Question? Contact Us: 0401 288 056
Our first stop of the morning was Boudhanath, the largest Buddhist stupa in Nepal. We walked around its base, admiring the pretty square and dodging the prayer flags and the ridiculous amount of pigeons. The stupa is particularly important to Tibetan Buddhists and the surrounding area is home to many Tibetan refugees and their families.
There is a slum in the shadows of Boudhanath. The houses are wooden frames covered with material and plastic tarp and the streets are muddy and decorated with washing lines, but the people there have an amazing sense of community. The group was invited into the slum and into some of its homes by Rina, a friend of tour leader Steph. Rina, like many of the people who live in this particular slum, is an Indian immigrant. She left her abusive husband to live in Nepal and now shares her small home with ten family members. She cannot afford a shoe cleaning license so she begs on the street. However, she is smiling as she tells us her story- her English is nearly perfect- and as she leads us through the slum we find out why.
As we walk along the muddy streets more and more smiling people greet us. Everyone in the slum was delighted to see us, and Rina explained that they love having visitors and enjoy showing off their homes. Their idea of happiness is not linked to material wealth- it is linked to the enjoyment they find in spending time with their families and helping out in their close-knit community. Everyone has plastic tarps on their roofs because Rina used a donation she was given to buy the tarps for everyone. They also have outside help; an American man sells quilts made by women in the community, and the sale of each quilt pays for one year of school for one of the children in the slum. We were discouraged from giving the community money because it could undermine this arrangement, which has been highly beneficial to the people in the slum.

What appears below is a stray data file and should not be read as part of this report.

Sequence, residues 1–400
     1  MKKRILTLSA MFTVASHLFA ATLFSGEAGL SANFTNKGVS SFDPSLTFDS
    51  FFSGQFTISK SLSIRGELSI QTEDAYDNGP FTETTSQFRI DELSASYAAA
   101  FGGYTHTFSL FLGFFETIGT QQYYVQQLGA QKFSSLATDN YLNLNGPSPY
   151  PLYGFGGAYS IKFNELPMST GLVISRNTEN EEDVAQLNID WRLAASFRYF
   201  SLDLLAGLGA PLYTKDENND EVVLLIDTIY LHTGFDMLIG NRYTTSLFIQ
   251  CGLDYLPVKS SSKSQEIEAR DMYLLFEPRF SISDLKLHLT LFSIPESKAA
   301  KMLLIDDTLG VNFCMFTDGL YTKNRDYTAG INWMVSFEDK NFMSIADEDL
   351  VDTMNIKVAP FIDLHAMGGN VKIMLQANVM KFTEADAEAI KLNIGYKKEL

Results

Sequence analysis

We reached the main street and met the younger children in the slum, many of whom were very amused by my unusual camera. There was also a snake handler. While a couple of tour participants were happy to handle the toothless python, we all shrank back very quickly when he pulled a small cobra out of a box. Toothless or not, we were not going to touch a cobra.
We also visited the local school. They were in the middle of a spelling bee, but as soon as we arrived we were rushed by young kids delighted by the distraction. We tried to stay for the rest of the spelling bee, but the kids wouldn’t calm down so we had to leave.
Then it was time to return to the Seven Women Centre for a cooking lesson. We all crammed into the upstairs kitchen and started chopping up vegetables under the watchful eyes of Rhadika, the house manager, and Jaya and Paddy, our group leaders. All three had very impressive cooking skills and put all of us to shame. The curry was lovely. We also did a spot of modelling for the new lines of Seven Women clothes created since the beginning of our trip, so keep your eyes out for those.
I really enjoyed today. I’ve learned a lot of new things about the world during this trip, and today contained many new lessons.
This post was modified from the original entry on my personal blog, Erin’s Written World.